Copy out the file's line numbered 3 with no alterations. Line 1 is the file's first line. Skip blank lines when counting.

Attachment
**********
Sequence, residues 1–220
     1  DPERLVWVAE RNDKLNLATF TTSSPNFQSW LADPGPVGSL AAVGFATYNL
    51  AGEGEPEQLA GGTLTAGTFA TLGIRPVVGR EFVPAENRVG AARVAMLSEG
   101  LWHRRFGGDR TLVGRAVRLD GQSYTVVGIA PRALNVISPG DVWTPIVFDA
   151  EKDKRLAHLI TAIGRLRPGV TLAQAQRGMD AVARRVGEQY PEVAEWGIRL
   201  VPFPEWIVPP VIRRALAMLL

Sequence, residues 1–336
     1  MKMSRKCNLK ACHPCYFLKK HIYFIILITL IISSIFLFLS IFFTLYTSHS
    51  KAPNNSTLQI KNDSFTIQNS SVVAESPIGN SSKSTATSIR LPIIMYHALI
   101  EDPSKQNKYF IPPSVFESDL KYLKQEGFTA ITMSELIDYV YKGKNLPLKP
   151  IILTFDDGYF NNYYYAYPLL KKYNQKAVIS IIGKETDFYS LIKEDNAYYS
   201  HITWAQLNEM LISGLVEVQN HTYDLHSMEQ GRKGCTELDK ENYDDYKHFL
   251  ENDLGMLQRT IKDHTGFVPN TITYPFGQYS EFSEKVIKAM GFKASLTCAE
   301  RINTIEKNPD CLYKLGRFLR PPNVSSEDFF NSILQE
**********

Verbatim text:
    51  AGEGEPEQLA GGTLTAGTFA TLGIRPVVGR EFVPAENRVG AARVAMLSEG